Craig Calcaterra

Blogger at NBC's HardballTalk. Recovering litigator. Rake. Scoundrel. Notorious Man-About-Town.
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Marlon Byrd: “I alone am responsible for what I put in my body”


Marlon Byrd and his attorney, Jay Reisinger of Farrell & Reisinger, LLC, have released statements in the wake of Byrd’s 162-game suspension for PEDs.

Byrd takes full responsibility for taking a supplement that was not on the list of certified supplements available to all players. When he was told he tested positive for Ipamorelin, a peptide prohibited by the Joint Drug Agreement, he retained private counsel and an independent chemist to test his supplements and determined that one of them contained the bad substance. Though Byrd says he didn’t intentionally take Ipamorelin, he said “I alone am responsible for what I put in my body,” decided to forego an appeal and issued apologies to the Cleveland Indians, his teammates, his fans and his family.

Below are their statements in full.


Today, I have accepted a 1 year suspension by Major League Baseball.

Recently, I was notified that I had tested positive for Ipamorelin, a peptide prohibited by the JDA.  In 2012, I tested positive for the medication Tamoxifen, which I was using on the advice of a physician for a medical condition resulting from surgery, and I accepted my suspension without challenge.  Since that time, I have paid close attention to the substances that are banned by the Joint Drug Agreement, as I had no intention of taking any banned substances.  I relied upon a medical professional for assistance and advice with respect to the supplements that I was taking.

However, certain supplements I was taking were not on the NSF Certified for Sport list, and therefore, I assumed certain risks in taking them.  When I learned that I had tested positive for Ipamorelin, I retained the services of private counsel and an independent chemist to determine the origin of the Ipamorelin test result because I never knowingly ingested Ipamorelin.  After an extensive investigation by my lawyers and an independent chemist, it was concluded that the most likely source of Ipamorelin was a tainted supplement.

I alone am responsible for what I put in my body, and therefore, I have decided for forgo my right to an appeal in this matter and accept the suspension.  I apologize for any harm this has caused the Cleveland Indians, Indians’ fans, my teammates, and most importantly, my family.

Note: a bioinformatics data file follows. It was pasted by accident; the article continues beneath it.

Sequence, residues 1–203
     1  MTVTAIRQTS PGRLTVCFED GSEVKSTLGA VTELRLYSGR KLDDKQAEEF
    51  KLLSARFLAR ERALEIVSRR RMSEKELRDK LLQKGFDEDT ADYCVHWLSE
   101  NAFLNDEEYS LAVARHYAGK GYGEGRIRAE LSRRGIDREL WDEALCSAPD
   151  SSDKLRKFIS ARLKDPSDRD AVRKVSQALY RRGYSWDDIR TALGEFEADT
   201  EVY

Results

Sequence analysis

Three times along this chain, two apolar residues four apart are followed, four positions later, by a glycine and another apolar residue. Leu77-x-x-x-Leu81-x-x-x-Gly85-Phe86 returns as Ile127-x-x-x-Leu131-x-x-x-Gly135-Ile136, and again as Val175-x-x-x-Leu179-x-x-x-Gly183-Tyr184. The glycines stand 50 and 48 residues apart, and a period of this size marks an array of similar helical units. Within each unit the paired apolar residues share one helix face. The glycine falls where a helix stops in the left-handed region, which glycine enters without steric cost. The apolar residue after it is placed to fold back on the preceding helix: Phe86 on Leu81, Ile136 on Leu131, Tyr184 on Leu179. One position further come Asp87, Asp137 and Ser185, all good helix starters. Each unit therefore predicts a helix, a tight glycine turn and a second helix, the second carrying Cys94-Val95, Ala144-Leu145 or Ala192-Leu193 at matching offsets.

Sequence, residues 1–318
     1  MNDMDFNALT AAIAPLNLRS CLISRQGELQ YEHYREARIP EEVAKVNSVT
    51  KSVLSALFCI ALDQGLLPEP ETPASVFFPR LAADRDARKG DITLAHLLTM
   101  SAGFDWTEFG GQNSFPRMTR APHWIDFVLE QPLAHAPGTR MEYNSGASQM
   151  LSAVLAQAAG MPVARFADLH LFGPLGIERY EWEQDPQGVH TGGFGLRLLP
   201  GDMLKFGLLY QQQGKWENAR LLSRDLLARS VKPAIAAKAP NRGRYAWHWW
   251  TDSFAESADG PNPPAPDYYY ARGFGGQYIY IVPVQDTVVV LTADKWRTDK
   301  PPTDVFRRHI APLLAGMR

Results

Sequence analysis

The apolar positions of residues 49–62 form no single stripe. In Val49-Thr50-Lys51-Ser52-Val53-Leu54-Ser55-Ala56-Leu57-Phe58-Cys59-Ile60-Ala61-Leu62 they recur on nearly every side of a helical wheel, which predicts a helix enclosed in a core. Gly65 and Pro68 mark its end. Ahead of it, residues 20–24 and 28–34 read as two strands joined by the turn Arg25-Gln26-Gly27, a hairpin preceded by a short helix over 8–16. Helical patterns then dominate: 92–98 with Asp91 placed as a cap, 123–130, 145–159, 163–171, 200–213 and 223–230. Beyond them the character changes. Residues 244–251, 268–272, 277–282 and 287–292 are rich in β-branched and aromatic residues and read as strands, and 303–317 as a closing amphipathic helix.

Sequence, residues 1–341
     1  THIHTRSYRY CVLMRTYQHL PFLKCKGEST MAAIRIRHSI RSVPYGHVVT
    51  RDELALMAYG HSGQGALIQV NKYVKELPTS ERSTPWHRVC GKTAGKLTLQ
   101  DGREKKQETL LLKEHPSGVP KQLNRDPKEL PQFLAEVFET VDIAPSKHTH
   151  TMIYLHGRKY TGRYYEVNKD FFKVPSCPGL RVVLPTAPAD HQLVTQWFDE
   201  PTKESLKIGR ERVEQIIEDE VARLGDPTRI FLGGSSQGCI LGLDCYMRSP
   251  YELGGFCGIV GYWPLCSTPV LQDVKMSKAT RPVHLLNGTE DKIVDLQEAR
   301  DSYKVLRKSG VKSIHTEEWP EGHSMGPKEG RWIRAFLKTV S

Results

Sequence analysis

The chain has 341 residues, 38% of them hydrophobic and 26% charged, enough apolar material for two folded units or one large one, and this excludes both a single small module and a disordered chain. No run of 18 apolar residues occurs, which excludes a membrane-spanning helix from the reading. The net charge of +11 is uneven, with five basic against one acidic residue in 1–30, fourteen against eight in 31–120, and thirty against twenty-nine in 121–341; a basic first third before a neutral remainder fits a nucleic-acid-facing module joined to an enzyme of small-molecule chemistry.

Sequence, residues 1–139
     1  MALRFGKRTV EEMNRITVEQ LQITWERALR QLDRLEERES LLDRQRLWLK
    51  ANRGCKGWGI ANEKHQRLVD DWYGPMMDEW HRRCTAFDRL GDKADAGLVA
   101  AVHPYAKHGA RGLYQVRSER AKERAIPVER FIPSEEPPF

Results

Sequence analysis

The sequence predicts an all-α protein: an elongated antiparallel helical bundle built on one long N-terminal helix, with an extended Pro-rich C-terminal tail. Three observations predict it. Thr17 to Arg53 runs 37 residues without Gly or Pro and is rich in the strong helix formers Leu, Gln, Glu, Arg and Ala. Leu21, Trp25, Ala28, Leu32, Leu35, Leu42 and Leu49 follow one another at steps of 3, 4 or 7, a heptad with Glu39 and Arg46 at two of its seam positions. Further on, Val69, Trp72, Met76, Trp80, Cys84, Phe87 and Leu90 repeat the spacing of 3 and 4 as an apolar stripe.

My partner Tina Miller, a former federal prosecutor, and I, along with the assistance of one of the most respected biochemists in the country, explored every avenue in this matter.  Our conclusion is that Marlon’s positive test was the result of a tainted supplement.  Marlon is devastated, but understands that he is responsible for the supplements he takes, and any time a player takes a supplement that is not on the NSF list, they run a risk.  As a result, Marlon will not pursue an appeal in this matter.


Anthony Rizzo leads the voting in the first National League All-Star returns


The first returns for the All-Star Game voting for the National League are in and Anthony Rizzo of the Chicago Cubs leads all voters. That noise you hear right now is a bunch of Royals fans saying they’re being disrespected that a Royals player isn’t leading the voting. When told that the Royals aren’t in the NL, their fans started putting more names on their ever-growing enemies list. But they’re not paranoid or insecure or anything.

Anyway, here are the leaders in the vote total right now. Remember, however, that MLB is likely to cull a good 20% of the votes before the All-Star Game because they violate the voting rules, come from bots or are from obviously phony email addresses. They wouldn’t have to do this if they actually gave a crap about the integrity of the vote and even put some 1995-level verification on the voting on the front end, but they don’t care. Their aim is to send as much traffic to the sponsored website where voters are funneled into an eSurance sweepstakes thing and it’s probably a lot better for all involved if the votes come in fast and furious.

But hey, it’s not like the All-Star Game has any stakes or anything, so it’s all good.

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Report: Marlon Byrd tested positive for PEDs, faces a 162-game suspension

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Vince Grzegorek of Cleveland Scene reports that Indians outfielder Marlon Byrd has tested positive for a performance enhancing drug and faces a 162-game suspension. This has not yet been confirmed by Major League Baseball, but it is expected to be soon.

The suspension would be Byrd’s second for PEDs. The first came in 2012 when he tested positive for tamoxifen, which is used to deal with the side effects of steroids. Byrd served a 50-game suspension then. As of now, a second offense brings a suspension of 162 games.

Byrd signed with the Indians in March on a minor league deal and made the team out of spring training. He’s being paid $1 million and had the possibility of another $2.5 million in performance bonuses. Though he turns 39 in August, he’s been productive this year, hitting .270/.326/.452 with five homers and 19 driven in while playing the corners in the Indians’ injury-riddled outfield. Now, if this report is confirmed, it will be an even thinner squad.

As for Byrd, he didn’t have a job until late March this season, despite the fact that he was coming off of a 23-homer year in 2015, and then he could only land the minor league deal at that. It’s hard to imagine him latching on anywhere after a year-long suspension at age 39. As such this may be, for all intents and purposes, a career-ending suspension for the 15-year MLB veteran.